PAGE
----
The haunting second movement was equally intense, and stunningly beautiful, the players clearly undisturbed by the wailing of a sick child in the audience. The strings brought a lovely sheen to the main melody, but it had a dark toned passion too. There were moments, admittedly, when the strings sounded a little too earth-bound rather than aetherial. But the powerful, expressionist playing as the drama developed, impressed immensely, matched by Shimkus's disciplined but passionate playing. Then, when the trumpet made its first entry there was a glorious shimmer to the string tone that was difficult to beat, the movement finally ending up as an eerie lament, with Shimkus's poignant piano playing.

The short third movement seemed, at times, to be in danger of appearing to be just the pianist noodling, but when the fourth movement started we were again struck by the brilliance of the piano and string playing. Young's speeds were brisk, but this wasn't a light performance. All concerned contributed to a dark sardonic feeling, with intense rhythmic interest. The closing pages, as the speeds got faster were anything but a mad scramble. Young was firmly in control and unflappable, bringing the work to a disciplined, brilliant finish.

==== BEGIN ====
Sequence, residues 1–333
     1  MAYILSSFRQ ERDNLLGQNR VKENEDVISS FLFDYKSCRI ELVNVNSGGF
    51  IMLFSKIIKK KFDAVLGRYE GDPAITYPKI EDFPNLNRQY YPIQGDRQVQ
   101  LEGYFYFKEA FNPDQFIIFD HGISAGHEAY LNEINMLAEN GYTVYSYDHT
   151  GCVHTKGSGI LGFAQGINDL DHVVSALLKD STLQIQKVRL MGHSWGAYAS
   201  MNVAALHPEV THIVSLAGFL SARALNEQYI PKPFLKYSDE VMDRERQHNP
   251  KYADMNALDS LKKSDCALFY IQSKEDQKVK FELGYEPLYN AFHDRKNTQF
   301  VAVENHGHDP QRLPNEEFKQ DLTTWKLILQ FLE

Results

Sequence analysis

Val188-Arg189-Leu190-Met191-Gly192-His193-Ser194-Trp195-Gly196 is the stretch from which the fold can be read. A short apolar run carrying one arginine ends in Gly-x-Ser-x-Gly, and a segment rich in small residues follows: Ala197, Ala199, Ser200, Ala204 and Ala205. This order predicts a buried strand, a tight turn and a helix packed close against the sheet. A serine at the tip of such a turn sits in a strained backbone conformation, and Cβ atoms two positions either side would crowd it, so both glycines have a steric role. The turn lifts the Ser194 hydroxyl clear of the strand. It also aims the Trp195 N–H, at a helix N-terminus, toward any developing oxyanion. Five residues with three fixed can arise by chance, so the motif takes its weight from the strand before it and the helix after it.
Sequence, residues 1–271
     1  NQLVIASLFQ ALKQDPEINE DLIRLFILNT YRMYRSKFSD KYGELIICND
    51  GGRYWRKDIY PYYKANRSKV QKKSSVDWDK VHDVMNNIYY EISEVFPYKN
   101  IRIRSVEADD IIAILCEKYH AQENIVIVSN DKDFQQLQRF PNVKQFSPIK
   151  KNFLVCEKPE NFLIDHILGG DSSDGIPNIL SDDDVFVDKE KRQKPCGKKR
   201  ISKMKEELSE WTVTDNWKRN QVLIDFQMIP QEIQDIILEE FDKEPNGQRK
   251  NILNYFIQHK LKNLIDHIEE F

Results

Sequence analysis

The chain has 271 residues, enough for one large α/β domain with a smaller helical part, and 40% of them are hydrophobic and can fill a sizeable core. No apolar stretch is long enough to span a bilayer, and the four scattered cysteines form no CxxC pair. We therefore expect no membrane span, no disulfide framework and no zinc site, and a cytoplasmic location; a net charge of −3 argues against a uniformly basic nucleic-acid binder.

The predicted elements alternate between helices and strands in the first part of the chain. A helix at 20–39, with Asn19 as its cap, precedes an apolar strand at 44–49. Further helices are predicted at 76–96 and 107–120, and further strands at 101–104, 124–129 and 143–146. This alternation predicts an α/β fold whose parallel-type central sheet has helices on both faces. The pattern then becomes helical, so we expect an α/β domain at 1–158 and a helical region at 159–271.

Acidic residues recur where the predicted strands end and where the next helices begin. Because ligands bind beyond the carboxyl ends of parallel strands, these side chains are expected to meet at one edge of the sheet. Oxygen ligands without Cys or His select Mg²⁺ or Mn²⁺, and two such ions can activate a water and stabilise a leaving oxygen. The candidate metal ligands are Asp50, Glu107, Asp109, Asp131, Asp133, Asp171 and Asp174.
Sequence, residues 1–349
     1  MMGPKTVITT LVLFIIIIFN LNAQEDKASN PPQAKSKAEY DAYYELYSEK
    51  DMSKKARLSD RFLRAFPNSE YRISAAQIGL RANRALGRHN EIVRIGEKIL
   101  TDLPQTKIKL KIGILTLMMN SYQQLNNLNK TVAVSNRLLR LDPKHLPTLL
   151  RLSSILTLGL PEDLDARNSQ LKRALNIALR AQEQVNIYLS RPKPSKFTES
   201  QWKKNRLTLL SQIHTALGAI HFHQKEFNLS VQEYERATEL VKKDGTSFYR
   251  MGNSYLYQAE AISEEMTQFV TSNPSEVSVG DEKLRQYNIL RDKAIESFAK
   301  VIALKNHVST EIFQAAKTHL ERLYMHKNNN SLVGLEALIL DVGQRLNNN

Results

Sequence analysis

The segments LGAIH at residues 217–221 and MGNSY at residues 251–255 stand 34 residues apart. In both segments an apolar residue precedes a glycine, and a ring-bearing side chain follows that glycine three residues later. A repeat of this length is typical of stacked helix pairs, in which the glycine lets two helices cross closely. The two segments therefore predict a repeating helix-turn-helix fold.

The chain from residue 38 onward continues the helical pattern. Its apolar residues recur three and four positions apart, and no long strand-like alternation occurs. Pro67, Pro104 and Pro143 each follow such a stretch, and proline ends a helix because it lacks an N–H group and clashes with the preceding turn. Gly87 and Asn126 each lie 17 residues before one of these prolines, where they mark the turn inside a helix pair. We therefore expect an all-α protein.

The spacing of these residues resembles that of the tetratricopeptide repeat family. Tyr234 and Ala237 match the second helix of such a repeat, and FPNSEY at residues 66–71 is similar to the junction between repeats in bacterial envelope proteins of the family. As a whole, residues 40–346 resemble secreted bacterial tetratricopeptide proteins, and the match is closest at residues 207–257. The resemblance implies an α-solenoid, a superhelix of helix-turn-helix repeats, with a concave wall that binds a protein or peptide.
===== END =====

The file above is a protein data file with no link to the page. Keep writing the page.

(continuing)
Shimkus's playing impressed immensely, both with its poetry and its discipline. He is one of those players who can play loudly with nuance, but also to fine his tone down. The performance of the concerto was by no means sober, but the performers certainly imbued it with feeling of dark Russian angst.

After the interval we had a single work, Tchakovsky's Serenade for Strings, written in 1880. The strings made a surprisingly strong, firm sound, particularly considering the size of the group. The Tchaikovsky was played with incisive unanimity with a strong line. In the first movement there was a lovely rich depth to the textures, superb unanimity from the players but without being straitjacketed. The cellos were quite brilliant in their impossibly busy lines. Young encourage the players in delivering a rather massive and dark interpretation of the movement. Then suddenly it all evaporated into the light and airy, though even here there were accents and incisive playing cutting through the frilly bits.

The second movement was all poised swaying, disciplined and characterful with fine detailing in the underparts. Definitely and infectious dance. The third movement was quietly rich, with a lovely singing line. The dialogue between the cellos and violins was simply delightful, the texture developing superbly detailed multi-layers. Passion combined with discipline to create something melancholy and mysterious.

In the fourth movement during the slow build up towards the fast tempo, there were hints of a lack of unanimity. But once started the fast tempo, we had a very serious dance,  not abandoned but under Young's firm control. She kept the ensemble on a tight rein until the end, where the gathering speed never quite became wild abandon.

Quite rightly, the audience were extremely enthusiastic and we were treated to a reprise of the lilting second movement of the Tchaikovsky.

The ensemble will be playing in London again in May 2013 for the closing concert of the London Chamber Music Society season at King's Place.